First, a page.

I know that imaging with a 10" isn't everyone's preference, but it's worked very well till now with my DSLR.

Whole frame:

M29_20s_test.jpg

Closeup:

M29_20s_test_closeup.jpg

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Hi Luke I am watching all your posts as I am using just about the same set-up as you, hopefully all your answers will help me as well, p.s. just down the road in Norwich, maybe we could have a get together one day and try and help each other with the issues.

Les

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Hi Les. Hope that my tribulations can help!

Just done another quick test image of an out-of-focus star, this time without the coma corrector. Please ignore the dust bunnies, and this image was taken with the MX716, not the SXVF, but it still shows that the stars are rather egg-shaped or oval.

So it's not the coma corrector then. Doing a bit of homework on the web shows that this is a sign of astigmatism. As I haven't had this problem before, could it be a sign that the secondary is out of collimation or, worse still, that the primary has become deformed? Any help would be appreciated.

MX717test%20copy.jpg

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Thanks, Les. I am rather tearing out what little remains of my hair right now. I've always been a bit smug about collimation, but I realise now that if the secondary's out, then you'll never get it right. I tinkered with the secondary a few days ago, and I think that's where the problem lies.

One issue is that when the secondary is centred in the OTA (i.e. adjusting the vanes till the screw holding the secondary is in the dead centre), it isn't centred in the focuser. It's offset slightly. This implies that the focuser isn't pointing directly into the centre.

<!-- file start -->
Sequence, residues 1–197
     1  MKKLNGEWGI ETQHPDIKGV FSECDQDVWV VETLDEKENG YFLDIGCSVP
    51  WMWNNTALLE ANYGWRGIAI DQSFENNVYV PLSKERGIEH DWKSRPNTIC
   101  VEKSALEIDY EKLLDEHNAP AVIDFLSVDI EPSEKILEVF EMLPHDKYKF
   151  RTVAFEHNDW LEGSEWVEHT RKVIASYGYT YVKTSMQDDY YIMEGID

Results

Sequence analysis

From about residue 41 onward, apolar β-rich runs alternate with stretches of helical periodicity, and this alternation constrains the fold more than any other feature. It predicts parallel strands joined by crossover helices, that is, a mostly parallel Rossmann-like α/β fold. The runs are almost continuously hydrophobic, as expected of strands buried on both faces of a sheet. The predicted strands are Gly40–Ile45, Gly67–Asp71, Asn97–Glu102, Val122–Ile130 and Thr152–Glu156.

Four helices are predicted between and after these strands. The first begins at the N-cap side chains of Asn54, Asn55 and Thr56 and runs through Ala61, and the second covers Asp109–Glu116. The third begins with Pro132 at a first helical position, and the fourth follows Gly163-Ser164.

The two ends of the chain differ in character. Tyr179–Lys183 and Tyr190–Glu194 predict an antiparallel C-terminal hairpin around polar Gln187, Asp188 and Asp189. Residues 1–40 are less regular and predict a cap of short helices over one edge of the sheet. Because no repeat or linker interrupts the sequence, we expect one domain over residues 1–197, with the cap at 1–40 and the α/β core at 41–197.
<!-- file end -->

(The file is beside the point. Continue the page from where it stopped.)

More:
Here's a view through my Cheshire collimator to show what I mean. You can just see the edge of the focuser on the right-hand side of the secondary reflection. So, do I adjust the secondary so that it's central to the focuser, or central to the tube? Or is it Ok and leave it alone. However, if I leave things as they are I get eggy stars.

Does this all make sense? Someone please put me out of my misery.

post-16549-133877634977_thumb.jpg

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Hi I am just about to go shoping so when I get back I set my tube up and have a look as i only use my 250pds 5 time and its still as it was. and I try to get you some photo to help you as well.

les

Cool. Thanks. It may be that that view is perfectly correct, and that my problem is caused by something else.

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You see when I put some photos in .

Look at your picture, you can see it is out left and right. I can see purple edging on the left hand side of the primary mirror, with black edging on the secondary. Just give me a couple of hours and I will sort it out.

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You see when I put some photos in .

Look at your picture, you can see it is out left and right. I can see purple edging on the left hand side of the primary mirror, with black edging on the secondary. Just give me a couple of hours and I will sort it out.

I think the image is misleading. The purple edging is just the light falling at the top of the OTA (reflecting a blue tarpaulin!). The offset of the reflection in the secondary is part of the design of fast Newts, as this image of a correctly cllimated scope shows:

fast%20collimation.jpg

Perhaps the fact that the 250PDS has a larger secondary mirror results in part of the focuser appearing on the edge of the reflection. Could anyone else with one of these have a look with a Cheshire collimator and tell me if they see the same thing.

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ok looking down the Cheshire collimator lining the wires up with the Cheshire collimator with the 4 veins on the spider, the top edge lines up witn the top of the primary mirror so the big black edge is showing most of the way round and the secondary mirror is off-set to the left. The edge of my mirror lines up with the cross in the Cheshire collimator. How can I take a picture to put in?

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.... How can I take a picture to put in?

I just held my DSLR up to the collimator, flush with it, and took a picture through the pinhole. You need to be very close to the hole, though.